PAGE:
It’s a situation that won’t necessarily be significantly improved by new investments in public transport funded by the RFT. As well as work commutes, there are a whole lot of other reasons why people are more likely to be dependent on having a car in places like Manukau: having greater responsibility for transporting other people, higher levels of ill-health and disability, and more out-of-town responsibilities like needing to visit home marae or urupā. However, lower-income Aucklanders are also the people most likely to be struggling with the financial cost of owning a car. They’re the people most likely to be trapped in the cycle of debt, fines and convictions often associated with being dependent on a car when you don’t have a lot of money.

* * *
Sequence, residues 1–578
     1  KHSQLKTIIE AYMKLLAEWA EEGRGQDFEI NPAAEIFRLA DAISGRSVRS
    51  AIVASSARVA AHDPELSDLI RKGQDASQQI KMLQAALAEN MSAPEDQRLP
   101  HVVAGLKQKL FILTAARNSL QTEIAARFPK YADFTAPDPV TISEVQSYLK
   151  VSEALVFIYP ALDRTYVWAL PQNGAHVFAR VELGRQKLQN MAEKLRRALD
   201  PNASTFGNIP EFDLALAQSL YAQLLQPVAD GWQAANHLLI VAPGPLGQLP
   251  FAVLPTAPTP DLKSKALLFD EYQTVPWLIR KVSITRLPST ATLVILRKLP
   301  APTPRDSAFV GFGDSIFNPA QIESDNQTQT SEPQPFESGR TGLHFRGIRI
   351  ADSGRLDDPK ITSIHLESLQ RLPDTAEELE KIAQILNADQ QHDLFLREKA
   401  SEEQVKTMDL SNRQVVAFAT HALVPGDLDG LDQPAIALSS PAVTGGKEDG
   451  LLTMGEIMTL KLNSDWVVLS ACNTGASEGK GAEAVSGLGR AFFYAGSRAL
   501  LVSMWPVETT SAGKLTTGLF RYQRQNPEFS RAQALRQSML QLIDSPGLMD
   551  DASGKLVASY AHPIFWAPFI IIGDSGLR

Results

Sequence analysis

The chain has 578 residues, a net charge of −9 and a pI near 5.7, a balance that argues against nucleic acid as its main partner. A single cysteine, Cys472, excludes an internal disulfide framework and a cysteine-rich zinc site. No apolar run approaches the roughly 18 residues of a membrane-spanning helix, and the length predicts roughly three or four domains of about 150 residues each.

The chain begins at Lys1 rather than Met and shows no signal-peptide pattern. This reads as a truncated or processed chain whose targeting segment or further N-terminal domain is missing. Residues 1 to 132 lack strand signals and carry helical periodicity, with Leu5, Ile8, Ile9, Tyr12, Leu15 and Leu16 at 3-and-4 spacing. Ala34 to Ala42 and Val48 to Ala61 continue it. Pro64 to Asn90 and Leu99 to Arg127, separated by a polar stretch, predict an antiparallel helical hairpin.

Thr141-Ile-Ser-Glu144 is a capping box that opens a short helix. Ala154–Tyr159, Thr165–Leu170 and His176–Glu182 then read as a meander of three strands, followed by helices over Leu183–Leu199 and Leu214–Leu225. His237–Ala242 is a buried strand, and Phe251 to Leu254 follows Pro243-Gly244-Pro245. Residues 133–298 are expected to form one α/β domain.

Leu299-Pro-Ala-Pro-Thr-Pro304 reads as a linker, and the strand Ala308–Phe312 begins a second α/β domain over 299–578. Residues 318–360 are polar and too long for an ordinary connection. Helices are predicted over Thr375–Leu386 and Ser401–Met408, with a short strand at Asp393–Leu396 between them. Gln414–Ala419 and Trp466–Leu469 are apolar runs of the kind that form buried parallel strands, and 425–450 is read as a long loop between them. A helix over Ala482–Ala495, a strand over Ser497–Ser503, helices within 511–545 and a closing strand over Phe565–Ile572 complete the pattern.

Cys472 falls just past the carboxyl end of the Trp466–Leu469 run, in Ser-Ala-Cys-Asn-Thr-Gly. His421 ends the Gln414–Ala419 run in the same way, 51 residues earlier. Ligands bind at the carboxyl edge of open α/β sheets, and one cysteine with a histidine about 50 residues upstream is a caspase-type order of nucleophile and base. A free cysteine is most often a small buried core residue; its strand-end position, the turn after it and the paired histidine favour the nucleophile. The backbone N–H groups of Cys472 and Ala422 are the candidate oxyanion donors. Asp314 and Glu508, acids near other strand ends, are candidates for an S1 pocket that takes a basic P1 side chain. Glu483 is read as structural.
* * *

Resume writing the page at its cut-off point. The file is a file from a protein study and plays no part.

Auckland traffic congestion, Southern Motorway. (Photo by David Hallett/Getty Images)

We cannot just keep building more roads for more cars that lots of people cannot really afford to run. People live next to roads, and poorer people are more likely to live next to major roads. Continuing to widen our roads requires us to take people’s homes, or build highways on the few bits of green space we have left in the city. But Councillor Collins is right that many people still need flexible, nimble forms of individual transport that they can control themselves.